Financial Markets Interim Regulatory Outlook 2021

Back to thinking about the future

Our mid-year assessment from Deloitte’s EMEA Centre for Regulatory Strategy explores the trends and regulatory themes that we expect to shape the financial services industry for the remainder of 2021.

At the turn of the year, we identified nine regulatory themes affecting the financial services industry already dealing with the severe consequences of COVID-19. Against a more optimistic economic outlook than anticipated, we revisit these themes, identifying the developments and actions firms should focus on for the remainder of the year.

The report also explores specific regulatory priorities in each of the Banking, Capital Markets, Insurance and Investment Management sectors.

Click on the boxes below to access our predictions for each theme, or download the full report.

Cross-sector themes

Credit risk, financial resilience and business model viability

As some government support schemes and moratoria begin to be phased out, supervisors will push firms to identify any credit risk deterioration early. Firms must also address longstanding structural challenges to their profitability.

Conduct, culture and governance

Supervisors will expect firms to keep a very close eye on customer outcomes, particularly in collections and forbearance. Boards will be pressured to improve gender balance and demonstrate greater diversity of skills and experience,


As regulatory developments on sustainability continue apace, the near-term focus for firms should be on climate risk management, including developing accurate and complete ESG data, and robust frameworks to prevent “greenwashing”.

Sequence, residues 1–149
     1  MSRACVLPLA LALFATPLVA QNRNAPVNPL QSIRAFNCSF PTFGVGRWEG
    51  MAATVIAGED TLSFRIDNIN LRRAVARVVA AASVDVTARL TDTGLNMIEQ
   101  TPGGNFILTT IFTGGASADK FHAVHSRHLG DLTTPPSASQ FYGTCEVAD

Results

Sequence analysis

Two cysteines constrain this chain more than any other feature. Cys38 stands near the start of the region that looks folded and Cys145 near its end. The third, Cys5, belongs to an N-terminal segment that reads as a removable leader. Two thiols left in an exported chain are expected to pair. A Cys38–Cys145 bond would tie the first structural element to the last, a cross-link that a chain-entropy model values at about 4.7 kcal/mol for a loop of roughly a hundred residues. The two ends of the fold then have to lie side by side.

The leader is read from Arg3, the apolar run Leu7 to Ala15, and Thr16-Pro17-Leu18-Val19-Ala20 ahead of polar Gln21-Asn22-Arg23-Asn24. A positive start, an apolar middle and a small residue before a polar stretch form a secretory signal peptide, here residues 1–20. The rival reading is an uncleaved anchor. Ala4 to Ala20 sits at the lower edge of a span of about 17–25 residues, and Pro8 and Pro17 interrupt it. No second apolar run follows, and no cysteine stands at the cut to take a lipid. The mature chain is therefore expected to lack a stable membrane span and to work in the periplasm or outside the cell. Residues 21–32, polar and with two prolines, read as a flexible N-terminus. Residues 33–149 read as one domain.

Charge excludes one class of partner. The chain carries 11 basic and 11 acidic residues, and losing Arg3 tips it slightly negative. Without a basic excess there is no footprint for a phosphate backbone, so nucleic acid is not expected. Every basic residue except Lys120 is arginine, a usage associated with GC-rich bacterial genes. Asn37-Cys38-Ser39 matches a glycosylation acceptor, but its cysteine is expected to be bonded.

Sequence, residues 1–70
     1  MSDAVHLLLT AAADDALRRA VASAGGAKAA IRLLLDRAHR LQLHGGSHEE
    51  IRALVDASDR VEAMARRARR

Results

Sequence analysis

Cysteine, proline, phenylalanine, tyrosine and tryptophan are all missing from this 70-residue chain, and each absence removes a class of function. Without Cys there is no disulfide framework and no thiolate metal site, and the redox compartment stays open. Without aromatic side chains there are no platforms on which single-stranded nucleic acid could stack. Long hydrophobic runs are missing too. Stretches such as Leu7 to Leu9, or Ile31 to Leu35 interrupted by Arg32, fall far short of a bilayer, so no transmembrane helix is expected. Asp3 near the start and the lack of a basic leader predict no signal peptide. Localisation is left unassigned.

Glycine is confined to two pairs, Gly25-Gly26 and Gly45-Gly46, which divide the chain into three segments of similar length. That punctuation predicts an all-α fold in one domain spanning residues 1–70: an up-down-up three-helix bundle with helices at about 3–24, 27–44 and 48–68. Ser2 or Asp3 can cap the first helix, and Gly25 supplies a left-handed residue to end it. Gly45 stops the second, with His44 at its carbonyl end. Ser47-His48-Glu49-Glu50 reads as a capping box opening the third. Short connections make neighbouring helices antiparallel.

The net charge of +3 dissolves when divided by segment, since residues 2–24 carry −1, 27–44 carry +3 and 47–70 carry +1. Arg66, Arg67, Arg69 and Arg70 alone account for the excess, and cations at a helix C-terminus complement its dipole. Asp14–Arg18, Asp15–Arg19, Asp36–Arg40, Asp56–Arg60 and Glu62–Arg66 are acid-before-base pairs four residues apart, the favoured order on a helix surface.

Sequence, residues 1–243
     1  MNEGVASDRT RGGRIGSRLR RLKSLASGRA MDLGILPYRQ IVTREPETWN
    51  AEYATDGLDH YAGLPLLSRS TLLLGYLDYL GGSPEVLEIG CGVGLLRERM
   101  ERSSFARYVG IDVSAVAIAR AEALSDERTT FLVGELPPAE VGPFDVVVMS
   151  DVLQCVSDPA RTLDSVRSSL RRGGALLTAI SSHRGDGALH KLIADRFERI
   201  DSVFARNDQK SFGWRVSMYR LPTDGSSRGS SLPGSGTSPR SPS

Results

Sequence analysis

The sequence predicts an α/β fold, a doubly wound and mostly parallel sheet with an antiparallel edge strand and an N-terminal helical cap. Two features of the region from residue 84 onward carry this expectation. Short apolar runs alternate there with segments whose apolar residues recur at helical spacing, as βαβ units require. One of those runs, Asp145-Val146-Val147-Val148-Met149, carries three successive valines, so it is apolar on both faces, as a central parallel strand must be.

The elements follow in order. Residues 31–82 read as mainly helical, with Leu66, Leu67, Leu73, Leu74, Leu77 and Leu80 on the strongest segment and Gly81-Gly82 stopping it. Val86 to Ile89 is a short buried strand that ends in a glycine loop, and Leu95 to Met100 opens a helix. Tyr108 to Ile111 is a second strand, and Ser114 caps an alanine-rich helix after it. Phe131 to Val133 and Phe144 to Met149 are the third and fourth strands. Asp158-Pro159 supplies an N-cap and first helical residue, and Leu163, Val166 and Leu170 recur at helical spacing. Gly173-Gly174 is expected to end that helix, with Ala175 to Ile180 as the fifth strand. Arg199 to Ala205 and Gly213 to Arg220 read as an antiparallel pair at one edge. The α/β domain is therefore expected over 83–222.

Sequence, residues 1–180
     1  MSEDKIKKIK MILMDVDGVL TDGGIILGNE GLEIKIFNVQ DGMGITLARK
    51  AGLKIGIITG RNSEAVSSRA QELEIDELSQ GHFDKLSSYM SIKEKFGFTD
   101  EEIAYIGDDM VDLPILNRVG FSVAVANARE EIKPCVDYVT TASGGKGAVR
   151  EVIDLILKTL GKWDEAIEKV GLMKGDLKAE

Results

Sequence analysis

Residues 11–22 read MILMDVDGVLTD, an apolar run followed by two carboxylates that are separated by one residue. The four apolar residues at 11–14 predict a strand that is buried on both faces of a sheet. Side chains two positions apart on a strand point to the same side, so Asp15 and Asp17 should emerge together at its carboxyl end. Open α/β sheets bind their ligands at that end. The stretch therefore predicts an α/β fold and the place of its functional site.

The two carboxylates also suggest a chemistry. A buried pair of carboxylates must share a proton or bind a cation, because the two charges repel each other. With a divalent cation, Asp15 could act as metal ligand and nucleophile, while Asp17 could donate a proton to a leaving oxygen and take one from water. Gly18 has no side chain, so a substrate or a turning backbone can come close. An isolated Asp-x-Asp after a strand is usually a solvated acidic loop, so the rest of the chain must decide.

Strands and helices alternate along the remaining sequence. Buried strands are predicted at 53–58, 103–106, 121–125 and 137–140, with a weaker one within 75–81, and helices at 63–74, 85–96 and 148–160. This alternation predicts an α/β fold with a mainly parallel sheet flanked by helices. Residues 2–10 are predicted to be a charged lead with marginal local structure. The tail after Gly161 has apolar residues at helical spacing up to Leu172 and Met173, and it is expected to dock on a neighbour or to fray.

Deploying digitisation and innovation

Firms must respond to supervisors' concerns regarding digitisation, including reliance on unregulated third-parties, operational resilience, prudential and conduct risks in digital payments, and the use of AI.

Operational resilience

2021 has seen growing convergence in the approaches taken by key regulators to operational resilience. In finalising their approaches, regulators have made clear they expect firms to consider even more challenging operational disruption scenarios than they experienced at the height of the pandemic.

Brexit – beyond the Transition Period

Banks will seek to improve efficiency and profitability across their European operations. CCPs, clearing members and their clients need to be ready to respond to whatever plans the European Commission advances to reduce EU exposures to UK CCPs.

EU/UK regulatory divergence

Regulatory divergence between the UK and EU will continue to grow, with potential changes to the UK's banking and insurance capital regimes, as well as changes to MIFID II/MiFIR.

Final call for IBOR

Regulators will continue to pressure firms to move away from IBORs and provide increasingly granular MI to evidence their progress. Firms will also need to ramp up efforts to deal with legacy contracts.

Financial crime in the new normal

Firms will need to monitor regulatory developments aimed at improving data sharing amongst national supervisors, and demonstrate more effective management of crypto-related AML risks.

Sector-specific supervisory priorities

Sector-specific supervisory priorities

In this section we outline a range of supervisory priorities across the Banking, Capital Markets, Insurance and Investment Management sectors complementary to the content in the cross-sector themes.

Key contacts

Laurent Berliner

Partner | EMEA FSI Risk Advisory Leader

Vincent Gouverneur

Partner | EMEA Investment Management Leader

Jean-Philippe Peters

Partner | Risk Advisory Leader

Nick Tabone

Partner | Private Equity Leader

Simon Ramos

Partner | IM Advisory & Consulting Leader